What Causes Low Water Pressure?
22 October 2021
Posted on 15 September 2016 4 min read
Why is soft water so great for your cup of tea? Keep reading to learn more…
Factors – A lot of technique and thought goes into making the perfect cup of tea, for example: temperature, timing, tea quality, water quality, and utensils and containers.
Water quality – Tea connoisseurs agree that water quality is as critical as tea quality, hard water can create a film that floats in the cup or pot due to flavanoids in tea reacting with Calcium Hydroxide in hard water and several experts believe that hard water is simply unsuitable for tea. For example, iced tea made with hard water will turn cloudy upon cooling.
The technical bit – Soft water is also a good natural solvent, when the limescale content in water is lower, it improves the dissolution of aromatics, which is vital in tea (and coffee) making. Due to this property, it even affects cooking, particularly when making aromatic sauces, stocks or gravy, soft water will uptake flavours more readily than hard water.
Sodium content – Softened water contains so little sodium that it is not necessary to have a hard water tap installed, unless you are on a low sodium diet or simply do not like the taste. However, when it comes to cooking or preparing drinks, I would highly recommend taking advantage of soft water if you have it. If not, do take a look around our site to learn more about how you can soften the water in your home. Softened water has great benefits, but not everybody likes the taste of it, therefore we do offer a separate tap for drinking purposes.
How to make the perfect cup of tea
We have studied a number of different practices in tea preparation, from the ancient ways of the Chinese to our own scientific experimentation. Needless to say, it is something we like to think that we have taken great pains to perfect over the years. Never be afraid to whip out a thermometer in the name of science and the perfect cup of tea.
Use softened water – The taste of your tea doesn’t just depend on what type of tea you use or how long you should brew it for, it also depends on the mineral content of the water. Water with a lower mineral content acts as a better solvent and sustains chemical reactions much easier. For lighter fruit flavoured teas or indeed white and green teas, the softened water taste will not impede on the taste of the tea leaves itself.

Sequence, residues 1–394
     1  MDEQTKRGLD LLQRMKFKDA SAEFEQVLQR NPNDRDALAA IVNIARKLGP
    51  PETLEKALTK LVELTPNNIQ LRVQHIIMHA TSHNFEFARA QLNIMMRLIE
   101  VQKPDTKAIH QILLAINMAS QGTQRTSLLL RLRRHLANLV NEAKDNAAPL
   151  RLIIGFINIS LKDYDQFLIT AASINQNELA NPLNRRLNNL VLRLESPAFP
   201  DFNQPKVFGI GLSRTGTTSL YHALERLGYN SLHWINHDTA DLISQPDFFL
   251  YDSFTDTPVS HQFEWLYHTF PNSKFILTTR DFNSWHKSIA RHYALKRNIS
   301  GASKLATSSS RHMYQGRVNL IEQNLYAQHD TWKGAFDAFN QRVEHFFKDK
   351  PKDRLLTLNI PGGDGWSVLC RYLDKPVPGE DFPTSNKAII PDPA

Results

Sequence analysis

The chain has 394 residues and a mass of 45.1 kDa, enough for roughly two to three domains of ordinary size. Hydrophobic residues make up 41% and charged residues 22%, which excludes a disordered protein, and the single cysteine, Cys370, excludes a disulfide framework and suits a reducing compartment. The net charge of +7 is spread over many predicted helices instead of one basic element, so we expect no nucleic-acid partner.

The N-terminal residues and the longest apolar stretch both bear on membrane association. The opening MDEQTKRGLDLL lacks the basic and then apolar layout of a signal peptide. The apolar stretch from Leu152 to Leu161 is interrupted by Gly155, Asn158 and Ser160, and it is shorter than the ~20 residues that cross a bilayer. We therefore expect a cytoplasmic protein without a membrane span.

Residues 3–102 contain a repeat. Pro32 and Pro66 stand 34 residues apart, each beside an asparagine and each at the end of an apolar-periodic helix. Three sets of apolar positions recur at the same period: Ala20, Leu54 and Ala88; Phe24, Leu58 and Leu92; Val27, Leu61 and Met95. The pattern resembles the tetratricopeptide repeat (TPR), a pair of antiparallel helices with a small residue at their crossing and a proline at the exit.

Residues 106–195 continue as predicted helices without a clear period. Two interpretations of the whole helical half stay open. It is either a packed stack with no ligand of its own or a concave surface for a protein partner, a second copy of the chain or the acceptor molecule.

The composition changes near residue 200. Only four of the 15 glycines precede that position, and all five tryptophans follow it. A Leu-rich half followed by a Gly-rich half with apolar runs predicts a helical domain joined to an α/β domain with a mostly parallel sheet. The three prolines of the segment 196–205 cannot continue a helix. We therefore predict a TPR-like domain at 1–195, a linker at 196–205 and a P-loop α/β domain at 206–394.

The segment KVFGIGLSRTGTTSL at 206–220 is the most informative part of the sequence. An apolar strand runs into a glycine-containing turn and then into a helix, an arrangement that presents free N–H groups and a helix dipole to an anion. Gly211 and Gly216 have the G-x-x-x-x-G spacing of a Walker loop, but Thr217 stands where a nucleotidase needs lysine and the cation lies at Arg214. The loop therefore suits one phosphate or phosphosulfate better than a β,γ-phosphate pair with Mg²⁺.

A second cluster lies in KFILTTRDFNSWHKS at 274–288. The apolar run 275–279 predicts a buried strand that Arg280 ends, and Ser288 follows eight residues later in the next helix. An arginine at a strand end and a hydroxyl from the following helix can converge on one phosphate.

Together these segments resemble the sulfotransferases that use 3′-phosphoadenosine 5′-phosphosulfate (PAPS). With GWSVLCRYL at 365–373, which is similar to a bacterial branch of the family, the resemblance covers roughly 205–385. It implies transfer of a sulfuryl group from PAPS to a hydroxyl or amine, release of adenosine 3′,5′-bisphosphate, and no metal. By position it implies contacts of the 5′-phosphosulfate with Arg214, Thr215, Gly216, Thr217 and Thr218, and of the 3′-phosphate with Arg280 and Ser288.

Boiling your kettle – Ensure that you boil the kettle only once. Do not use water that has been left cold and sitting within the kettle. Re-boiling a kettle will get rid of the oxygen content which is one of the key elements in bringing out the flavour of tea. Always make sure you dispense of any water remaining in the kettle and use fresh water.
The brewing – Brewing should take place in a ceramic teapot, which allows the tea leaves to react and circulate with the hot water. During the process the individual tea leaves will expand 5x their normal size and infuse with the hot water. It has widely documented that a French press is also a great way of brewing loose tea leaves.
Storing tea – Tea needs to be stored in a cool dry place away from perfumed or scented products. You should also refrain from buying too much tea, as black tea has been known to deteriorate if unused for long periods of time. Try and be selective and economical when building your surplus of tea.
Adding the milk – It helps if you warm your mug before adding tea and milk to it. This further facilitates the reactive infusion process. How milky your tea is usually depends on personal preference, but the whiter the tea the weaker its flavour. It is always a good sign seeing the immediate colour of a perfectly made cup of tea. An explosion of brown swirling around, visibly lightening up as more milk is added.
A water softener offers many great benefits and will change family life for the better. You will benefit from softer skin, longer lasting appliances, and better tasting water.
Find out more about our water softeners online today and get in touch for a free demonstration.